Thanks to advances in bag-tracking technology, the amount of checked luggage that fails to reach its destination is now less than half a per cent. But given airlines carried more than four billion bags last year, that still means more than 20 million bags went unclaimed. What happened to them? Where did they end up? The unexpected answer is Scottsboro, Alabama.
Located 165 kilometres northeast of Birmingham, the sleepy town of Scottsboro is home to the only store in the US that buys and sells unclaimed luggage. Every day thousands of bags arrive at the Unclaimed Baggage Centre to be inspected and sorted. Clothes deemed worthy of sale are cleaned in the state's largest dry-cleaning facility (it launders 50,000 items a month) and all electronic items are tested and wiped of data. About 7000 good-as-new items are transferred daily to the centre's nearby retail store, which covers an entire city block.
At this point I should declare that as someone who's allergic to shopping (with a particular aversion to rummaging), I was extremely reluctant to set foot in here. I had nightmarish visions of people with that maniacal bargain hunter glint in their eyes rifling furiously through huge bins of unsorted clothes. Of course, it's nothing like that at all. The store is spacious and tidy, with separate sections for men's and women's clothing, electronics, sports equipment and books. There's a large jewellery department (with its own expert appraiser), a "formal" area with ball gowns and wedding dresses, and even a section containing pre-loved women's lingerie.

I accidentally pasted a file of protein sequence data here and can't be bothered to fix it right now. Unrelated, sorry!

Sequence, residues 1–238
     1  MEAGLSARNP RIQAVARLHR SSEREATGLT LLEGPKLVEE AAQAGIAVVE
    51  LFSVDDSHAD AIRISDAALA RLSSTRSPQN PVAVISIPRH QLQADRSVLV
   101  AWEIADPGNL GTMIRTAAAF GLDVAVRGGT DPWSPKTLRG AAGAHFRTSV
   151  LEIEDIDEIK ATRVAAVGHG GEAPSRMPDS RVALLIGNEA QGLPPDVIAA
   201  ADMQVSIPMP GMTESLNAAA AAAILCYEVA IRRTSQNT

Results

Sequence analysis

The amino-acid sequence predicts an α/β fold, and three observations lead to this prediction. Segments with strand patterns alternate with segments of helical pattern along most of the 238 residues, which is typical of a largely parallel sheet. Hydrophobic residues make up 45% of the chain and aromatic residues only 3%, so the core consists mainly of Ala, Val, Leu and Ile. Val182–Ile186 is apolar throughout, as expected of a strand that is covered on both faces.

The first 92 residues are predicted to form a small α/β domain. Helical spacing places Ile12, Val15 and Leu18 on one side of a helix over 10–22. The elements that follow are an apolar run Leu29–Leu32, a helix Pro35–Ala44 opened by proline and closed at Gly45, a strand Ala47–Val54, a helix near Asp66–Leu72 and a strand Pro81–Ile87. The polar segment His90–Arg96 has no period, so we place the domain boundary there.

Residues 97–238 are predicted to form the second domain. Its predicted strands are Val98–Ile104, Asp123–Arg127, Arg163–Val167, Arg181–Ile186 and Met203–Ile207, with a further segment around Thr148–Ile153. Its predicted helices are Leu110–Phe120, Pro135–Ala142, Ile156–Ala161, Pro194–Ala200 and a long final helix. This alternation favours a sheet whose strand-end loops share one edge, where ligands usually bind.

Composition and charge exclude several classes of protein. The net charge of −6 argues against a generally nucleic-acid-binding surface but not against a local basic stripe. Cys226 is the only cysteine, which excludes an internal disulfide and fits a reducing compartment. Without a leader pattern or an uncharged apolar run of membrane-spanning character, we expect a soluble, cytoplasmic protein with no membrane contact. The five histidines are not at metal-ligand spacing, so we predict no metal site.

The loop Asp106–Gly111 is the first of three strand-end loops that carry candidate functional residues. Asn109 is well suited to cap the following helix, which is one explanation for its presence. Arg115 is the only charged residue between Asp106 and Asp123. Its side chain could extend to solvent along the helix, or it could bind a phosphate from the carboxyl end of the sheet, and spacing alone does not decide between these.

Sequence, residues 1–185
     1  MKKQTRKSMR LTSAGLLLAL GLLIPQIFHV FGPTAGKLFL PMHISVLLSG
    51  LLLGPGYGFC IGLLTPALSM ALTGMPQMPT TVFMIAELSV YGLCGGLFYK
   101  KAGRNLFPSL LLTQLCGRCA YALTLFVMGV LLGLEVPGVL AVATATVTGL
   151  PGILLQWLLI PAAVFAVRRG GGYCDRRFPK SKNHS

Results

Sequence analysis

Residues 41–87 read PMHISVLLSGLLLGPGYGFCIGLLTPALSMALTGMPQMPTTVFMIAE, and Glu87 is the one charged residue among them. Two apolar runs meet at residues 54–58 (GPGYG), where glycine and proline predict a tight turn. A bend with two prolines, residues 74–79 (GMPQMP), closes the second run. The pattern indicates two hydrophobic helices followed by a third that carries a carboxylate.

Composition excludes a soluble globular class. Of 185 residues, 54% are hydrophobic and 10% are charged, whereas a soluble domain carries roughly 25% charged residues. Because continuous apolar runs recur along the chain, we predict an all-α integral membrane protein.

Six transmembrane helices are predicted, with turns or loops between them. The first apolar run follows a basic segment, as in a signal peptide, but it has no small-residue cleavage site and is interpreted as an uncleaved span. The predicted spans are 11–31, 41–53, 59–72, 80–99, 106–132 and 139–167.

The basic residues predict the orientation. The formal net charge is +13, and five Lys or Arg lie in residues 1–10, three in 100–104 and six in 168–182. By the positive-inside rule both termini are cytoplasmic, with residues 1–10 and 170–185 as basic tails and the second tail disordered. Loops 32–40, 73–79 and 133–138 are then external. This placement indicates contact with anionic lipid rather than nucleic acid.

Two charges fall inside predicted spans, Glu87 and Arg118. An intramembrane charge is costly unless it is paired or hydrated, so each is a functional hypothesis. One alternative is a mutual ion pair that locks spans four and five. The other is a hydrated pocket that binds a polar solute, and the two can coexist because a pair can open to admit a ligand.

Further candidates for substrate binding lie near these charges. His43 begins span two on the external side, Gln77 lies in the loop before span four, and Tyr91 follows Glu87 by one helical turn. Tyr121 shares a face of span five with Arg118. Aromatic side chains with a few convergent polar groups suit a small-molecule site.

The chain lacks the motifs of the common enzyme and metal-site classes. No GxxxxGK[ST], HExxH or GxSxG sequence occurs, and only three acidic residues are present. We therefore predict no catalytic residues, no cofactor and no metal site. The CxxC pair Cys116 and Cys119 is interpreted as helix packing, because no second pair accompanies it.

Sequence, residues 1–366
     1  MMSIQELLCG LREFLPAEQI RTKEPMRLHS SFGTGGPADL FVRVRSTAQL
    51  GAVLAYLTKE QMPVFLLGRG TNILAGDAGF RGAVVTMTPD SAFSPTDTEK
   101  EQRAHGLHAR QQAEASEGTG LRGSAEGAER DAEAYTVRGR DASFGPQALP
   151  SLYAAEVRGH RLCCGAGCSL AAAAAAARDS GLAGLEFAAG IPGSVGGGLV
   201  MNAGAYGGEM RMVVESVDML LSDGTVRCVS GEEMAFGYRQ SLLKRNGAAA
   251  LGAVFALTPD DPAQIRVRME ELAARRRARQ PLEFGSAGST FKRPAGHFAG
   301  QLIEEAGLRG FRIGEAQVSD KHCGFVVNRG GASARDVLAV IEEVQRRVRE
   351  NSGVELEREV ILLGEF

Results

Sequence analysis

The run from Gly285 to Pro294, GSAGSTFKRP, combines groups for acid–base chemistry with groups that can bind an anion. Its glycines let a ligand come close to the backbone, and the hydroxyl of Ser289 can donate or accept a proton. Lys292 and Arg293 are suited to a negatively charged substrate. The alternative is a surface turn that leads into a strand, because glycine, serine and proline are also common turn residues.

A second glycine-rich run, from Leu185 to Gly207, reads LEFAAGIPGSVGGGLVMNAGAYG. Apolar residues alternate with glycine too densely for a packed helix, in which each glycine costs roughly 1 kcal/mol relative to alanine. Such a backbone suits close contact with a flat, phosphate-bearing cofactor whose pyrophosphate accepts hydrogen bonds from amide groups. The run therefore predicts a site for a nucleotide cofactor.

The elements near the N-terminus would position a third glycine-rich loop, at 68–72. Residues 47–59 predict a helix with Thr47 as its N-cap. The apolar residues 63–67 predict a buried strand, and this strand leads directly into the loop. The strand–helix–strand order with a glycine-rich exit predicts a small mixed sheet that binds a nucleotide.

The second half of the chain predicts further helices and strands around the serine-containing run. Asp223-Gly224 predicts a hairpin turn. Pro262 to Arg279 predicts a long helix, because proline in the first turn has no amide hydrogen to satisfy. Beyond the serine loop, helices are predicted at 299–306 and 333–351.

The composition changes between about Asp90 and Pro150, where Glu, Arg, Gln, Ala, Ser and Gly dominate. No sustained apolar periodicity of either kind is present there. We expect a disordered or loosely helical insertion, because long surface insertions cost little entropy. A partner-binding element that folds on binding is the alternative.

In general, items are sold for about 50 per cent of what they would have cost new. Branded luxury goods still command a premium (there are leather handbags for $US300 and a pair of Moschino men's boat shoes for $US99) but there are cheaper options too, particularly in the bins of assorted cables and gadgetry in the electronics department.
As expected, I soon reach my browsing threshold so instead turn my attention to the store's "museum" – a wall-mounted montage of unusual items that have turned up in bags over the years. Some of the more bizarre examples include an Egyptian burial mask, a camera from the space shuttle (since returned to NASA) and 50 vacuum-packed frogs.
The centre was founded in 1970 by Doyle Owens and is now run by his son Bryan. Through its Reclaimed for Good program, it gives away millions of dollars of clothing each year and works with charities including Medical Mission Aid and the Salvation Army. A particularly touching initiative is Luv Luggage, where old suitcases are hand-painted and given to children moving into new foster homes.
Every day at 2.30pm, there's a live in-store bag unveil, where a customer gets to open an unprocessed bag and decide what gets kept, donated and thrown out. Presumably, it's already been checked for vacuum-packed frogs.
While looking around the jewellery department, I get chatting to Jean, a 76-year-old employee who's worked here for 25 years. She proudly tells me she sold the store's most expensive item – a Rolex Platinum watch worth $US64,000. "I love it here," she says, in her sing-song Alabama accent. "You never know what you're gonna find and I get to meet folks from all over the world."
Rob McFarland was a guest of Alabama Tourism, Delta Air Lines and Brand USA.
Delta Air Lines flies daily to Birmingham, Alabama, via Los Angeles. See delta.com
The Unclaimed Baggage Center is at 509 W Willow Street, Scottsboro, Alabama; open Monday to Friday, 9am to 6pm; Saturday, 8am to 7pm. Closed Sundays. See unclaimedbaggage.com